Solar Clipping: What Is It and How Can You Avoid It? - thumbnail image

Solar Clipping: What Is It and How Can You Avoid It?

If you own solar panels, solar clipping may be something you have already experienced. It can be an inconvenience and a waste of energy, but what exactly does it mean, and what measures can you take to avoid it? Keep reading to find out how.

Solar panels

Solar panels, also known as photovoltaic (PV) are panels, typically in arrays, that can be mounted on top of a roof that is exposed to sunlight. These panels capture energy from the sun which is converted into electricity that can be used for your home. 

Solar panels generate renewable energy that can reduce your energy bills, saving you money in the long run. Although a solar PV installer can be rather expensive, they are considered a worthwhile investment since they contribute to providing you and your home with a more sustainable and environmentally-friendly future.  

What is solar clipping?

Solar panels produce DC electricity, but the electricity powering devices and machines inside your home is AC electricity. As a result, an inverter is used to convert DC electricity to AC electricity so it is usable for your home. 

Inverters usually have a capped output, meaning that if there is more DC electricity being generated by the solar panels, the inverter is only able to convert its maximum capacity, essentially clipping the leftover electricity. This is known as solar clipping and it can ultimately lead you to lose solar energy that could’ve been converted into electricity for your home. 

Energy lost is dependent on how much sun exposure your solar panels typically get, the size of your array and the maximum AC output of the inverter. Whilst it may not occur frequently, and it doesn’t damage the system, it can still be an inconvenience for those wanting to save money on energy bills.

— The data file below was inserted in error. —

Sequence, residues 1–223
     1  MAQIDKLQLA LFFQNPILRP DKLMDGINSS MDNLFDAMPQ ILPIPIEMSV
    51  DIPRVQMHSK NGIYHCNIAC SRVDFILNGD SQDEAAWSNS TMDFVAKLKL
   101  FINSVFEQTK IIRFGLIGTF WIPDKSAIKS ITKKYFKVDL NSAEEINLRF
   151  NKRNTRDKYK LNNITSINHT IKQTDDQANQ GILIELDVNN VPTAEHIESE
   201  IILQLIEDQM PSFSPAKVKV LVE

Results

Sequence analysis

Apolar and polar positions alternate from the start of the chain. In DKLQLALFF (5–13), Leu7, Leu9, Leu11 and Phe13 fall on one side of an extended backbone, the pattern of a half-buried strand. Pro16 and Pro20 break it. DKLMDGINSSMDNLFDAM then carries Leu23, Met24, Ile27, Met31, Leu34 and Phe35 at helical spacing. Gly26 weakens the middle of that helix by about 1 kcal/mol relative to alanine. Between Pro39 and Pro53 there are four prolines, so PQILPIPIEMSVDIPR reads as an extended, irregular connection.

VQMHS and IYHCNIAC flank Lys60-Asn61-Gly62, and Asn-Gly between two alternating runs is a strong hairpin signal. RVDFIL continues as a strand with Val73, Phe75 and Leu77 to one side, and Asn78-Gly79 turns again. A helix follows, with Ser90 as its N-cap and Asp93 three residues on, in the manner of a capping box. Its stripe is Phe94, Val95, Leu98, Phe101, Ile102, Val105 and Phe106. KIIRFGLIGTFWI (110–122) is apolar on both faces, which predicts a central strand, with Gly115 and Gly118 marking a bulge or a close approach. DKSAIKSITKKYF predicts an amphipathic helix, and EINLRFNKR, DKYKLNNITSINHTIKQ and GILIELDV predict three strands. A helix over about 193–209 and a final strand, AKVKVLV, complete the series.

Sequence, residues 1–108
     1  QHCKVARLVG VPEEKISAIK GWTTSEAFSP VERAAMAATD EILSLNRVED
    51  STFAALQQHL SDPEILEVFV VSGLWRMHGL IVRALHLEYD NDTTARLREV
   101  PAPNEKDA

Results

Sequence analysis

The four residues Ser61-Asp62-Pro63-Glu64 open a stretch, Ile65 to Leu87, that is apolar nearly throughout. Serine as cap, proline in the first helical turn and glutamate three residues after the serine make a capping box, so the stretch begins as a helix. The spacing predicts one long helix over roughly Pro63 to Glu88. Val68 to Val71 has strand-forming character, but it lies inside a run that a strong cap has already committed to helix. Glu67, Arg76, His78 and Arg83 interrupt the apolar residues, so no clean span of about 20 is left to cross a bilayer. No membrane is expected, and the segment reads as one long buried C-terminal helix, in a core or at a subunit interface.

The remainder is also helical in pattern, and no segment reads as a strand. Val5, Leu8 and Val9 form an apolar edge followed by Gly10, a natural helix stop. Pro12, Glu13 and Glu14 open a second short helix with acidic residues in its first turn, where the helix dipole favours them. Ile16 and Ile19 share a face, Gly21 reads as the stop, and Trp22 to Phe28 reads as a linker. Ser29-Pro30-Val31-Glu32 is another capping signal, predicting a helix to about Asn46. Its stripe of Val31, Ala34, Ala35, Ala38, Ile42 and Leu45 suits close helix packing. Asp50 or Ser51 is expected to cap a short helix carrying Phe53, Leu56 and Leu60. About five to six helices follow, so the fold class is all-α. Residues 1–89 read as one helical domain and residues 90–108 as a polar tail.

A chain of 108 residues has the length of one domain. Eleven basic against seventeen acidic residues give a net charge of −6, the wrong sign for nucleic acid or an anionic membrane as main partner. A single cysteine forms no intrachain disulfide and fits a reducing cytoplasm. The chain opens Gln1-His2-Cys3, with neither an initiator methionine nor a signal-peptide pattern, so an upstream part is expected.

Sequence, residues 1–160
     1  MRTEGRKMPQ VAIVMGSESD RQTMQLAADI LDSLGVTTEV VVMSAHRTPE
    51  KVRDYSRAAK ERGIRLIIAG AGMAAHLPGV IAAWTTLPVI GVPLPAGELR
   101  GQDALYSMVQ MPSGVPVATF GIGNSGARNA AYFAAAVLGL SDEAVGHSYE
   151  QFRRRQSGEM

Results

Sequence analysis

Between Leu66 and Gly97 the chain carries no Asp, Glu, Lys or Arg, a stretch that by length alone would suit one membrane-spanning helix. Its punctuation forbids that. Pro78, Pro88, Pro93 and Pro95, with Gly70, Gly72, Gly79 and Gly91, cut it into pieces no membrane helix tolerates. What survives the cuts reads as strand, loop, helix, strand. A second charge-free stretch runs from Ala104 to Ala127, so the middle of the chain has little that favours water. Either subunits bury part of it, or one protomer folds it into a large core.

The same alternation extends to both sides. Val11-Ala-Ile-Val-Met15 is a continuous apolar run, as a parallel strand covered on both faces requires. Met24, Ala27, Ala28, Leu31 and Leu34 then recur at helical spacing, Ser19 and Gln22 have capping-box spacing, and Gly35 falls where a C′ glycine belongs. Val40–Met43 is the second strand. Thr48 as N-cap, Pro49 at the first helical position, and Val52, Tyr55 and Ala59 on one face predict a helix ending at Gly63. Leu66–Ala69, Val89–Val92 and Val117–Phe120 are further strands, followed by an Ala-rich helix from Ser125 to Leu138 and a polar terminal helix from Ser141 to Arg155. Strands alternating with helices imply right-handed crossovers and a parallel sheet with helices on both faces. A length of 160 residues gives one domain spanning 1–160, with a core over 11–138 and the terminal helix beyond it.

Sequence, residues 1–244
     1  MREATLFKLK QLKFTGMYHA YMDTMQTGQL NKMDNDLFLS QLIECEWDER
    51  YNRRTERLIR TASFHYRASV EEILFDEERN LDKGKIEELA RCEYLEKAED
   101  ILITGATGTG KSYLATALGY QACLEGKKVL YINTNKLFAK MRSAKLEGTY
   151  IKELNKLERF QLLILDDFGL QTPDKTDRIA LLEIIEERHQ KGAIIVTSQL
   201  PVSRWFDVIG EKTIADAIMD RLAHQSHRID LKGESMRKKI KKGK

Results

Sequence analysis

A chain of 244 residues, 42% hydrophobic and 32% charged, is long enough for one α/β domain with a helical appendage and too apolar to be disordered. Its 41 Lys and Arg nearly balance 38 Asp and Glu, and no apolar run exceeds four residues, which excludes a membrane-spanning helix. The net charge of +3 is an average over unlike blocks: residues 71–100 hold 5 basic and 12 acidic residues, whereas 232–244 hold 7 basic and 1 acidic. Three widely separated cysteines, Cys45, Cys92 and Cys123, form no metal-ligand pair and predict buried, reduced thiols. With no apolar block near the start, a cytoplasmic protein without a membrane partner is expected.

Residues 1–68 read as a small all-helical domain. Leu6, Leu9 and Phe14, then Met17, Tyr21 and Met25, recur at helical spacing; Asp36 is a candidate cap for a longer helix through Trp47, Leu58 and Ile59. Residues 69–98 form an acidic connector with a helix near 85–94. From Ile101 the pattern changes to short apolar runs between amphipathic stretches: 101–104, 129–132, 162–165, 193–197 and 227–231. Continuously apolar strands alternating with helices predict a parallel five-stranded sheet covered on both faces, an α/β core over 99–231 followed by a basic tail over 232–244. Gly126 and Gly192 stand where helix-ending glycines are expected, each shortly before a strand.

How to avoid solar clipping

The easiest way to avoid solar clipping is to have a good balance between how much energy the solar panels capture and how much energy the inverter can convert. 

You can size the inverter with an output rating that exceeds the expected output power from the solar arrays, without losing conversion efficiency. A larger solar array is more likely to experience solar clipping, so it may be worth considering downsizing your solar array if it’s oversized. 

You can both upsize the inverters or downsize the arrays, depending on how much free electricity you would like to be able to be produced for your home. It’s worth noting that a larger inverter does cost more than a smaller one, which can bring installation costs up. 

Solar energy solutions

It’s a good idea to consider whether the price of upsizing your inverter or changing your solar arrays is better than letting minimal amounts (with a correctly designed system) of solar clipping pass by. 

At Thrift Energy, you can count on us for your solar energy needs. We offer solar panel installation, and even solar battery storage. You can rest assured that Thrift Energy can provide your home with sustainable and renewable solar energy that can save you up to 70% on your energy bills. Enquire now for more details.

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